Babu, Kalighat Art by Bapi Chitrakar
Size : Small
Dimensions : H: 0.98(ft) by W: 0.7(ft) | H: 11.69(in) by W: 8.27(in)
Medium : Natural Colors on Paper
Bapi Chitrakar, has been painting for many years since he was a child and this art has been in his family for generations. In West Bengal, the word chitrakar refers to patachitra painters and the artists there have taken Chitrakar as their last name for hundreds of years.
The Bengal Pattachitra is a visual and oral art tradition practised by the Patuas or Chitrakars of West Bengal. Islamic by faith, Patua artists represent a unique and secular art tradition. They earn their livelihood by telling stories from Hindu Mythology, local folklores, Sufi tradition and contemporary themes through paintings and songs. Though the origin of the Patua tradition has been difficult to trace for art historians, some claim the oral form goes back all the way to the 10th or 11th century CE. The physical evidence of a scroll, however, only makes an appearance in the 18th century CE.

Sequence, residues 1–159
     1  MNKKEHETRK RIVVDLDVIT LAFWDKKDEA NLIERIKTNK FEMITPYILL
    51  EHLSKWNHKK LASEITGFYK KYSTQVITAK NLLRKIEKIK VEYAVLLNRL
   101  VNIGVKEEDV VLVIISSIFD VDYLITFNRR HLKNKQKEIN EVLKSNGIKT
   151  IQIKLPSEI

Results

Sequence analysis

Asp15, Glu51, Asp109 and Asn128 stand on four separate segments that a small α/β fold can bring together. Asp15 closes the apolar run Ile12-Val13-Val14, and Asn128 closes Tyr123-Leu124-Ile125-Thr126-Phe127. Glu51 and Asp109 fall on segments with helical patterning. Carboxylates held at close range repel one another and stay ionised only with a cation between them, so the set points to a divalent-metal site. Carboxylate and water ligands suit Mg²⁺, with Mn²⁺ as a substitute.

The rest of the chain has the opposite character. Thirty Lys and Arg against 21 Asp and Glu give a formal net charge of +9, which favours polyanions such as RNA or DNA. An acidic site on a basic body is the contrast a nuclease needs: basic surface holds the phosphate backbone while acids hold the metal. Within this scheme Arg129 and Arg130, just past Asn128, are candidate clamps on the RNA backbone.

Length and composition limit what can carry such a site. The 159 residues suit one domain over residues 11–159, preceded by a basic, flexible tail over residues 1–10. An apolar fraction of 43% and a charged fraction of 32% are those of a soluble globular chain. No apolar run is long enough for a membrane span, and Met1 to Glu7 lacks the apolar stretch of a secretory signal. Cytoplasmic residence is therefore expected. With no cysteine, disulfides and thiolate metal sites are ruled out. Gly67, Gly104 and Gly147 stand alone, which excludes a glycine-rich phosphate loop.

The Kalighat paintings developed in the 19th century in the Bengal presidency. The travelling scroll painters or the patuas had been practising folk art of Pattachitra. The new manners and customs of the British settlers, the revivalist exercises of the Mughal and theatres as well as the use of Sanskrit on stage was absorbed by the rural artists who had migrated to Calcutta and developed it into a popular urban genre. The period of Kalighat paintings coincides with the age of mechanical reproduction in the form of woodcut, lithography, oleography and printing. These developments had caused mass consumption of imagery in the urban cities and Kalighat was a response to it. The Kalighat painters interacted with the colonial paintings and began the use of water colours, shaded figures, folio-sized mill made papers. They absorbed the role of the western theatre performances and the art schools which developed the unique stylistic features of the Kalighat paintings as we know them today. More here on our blog.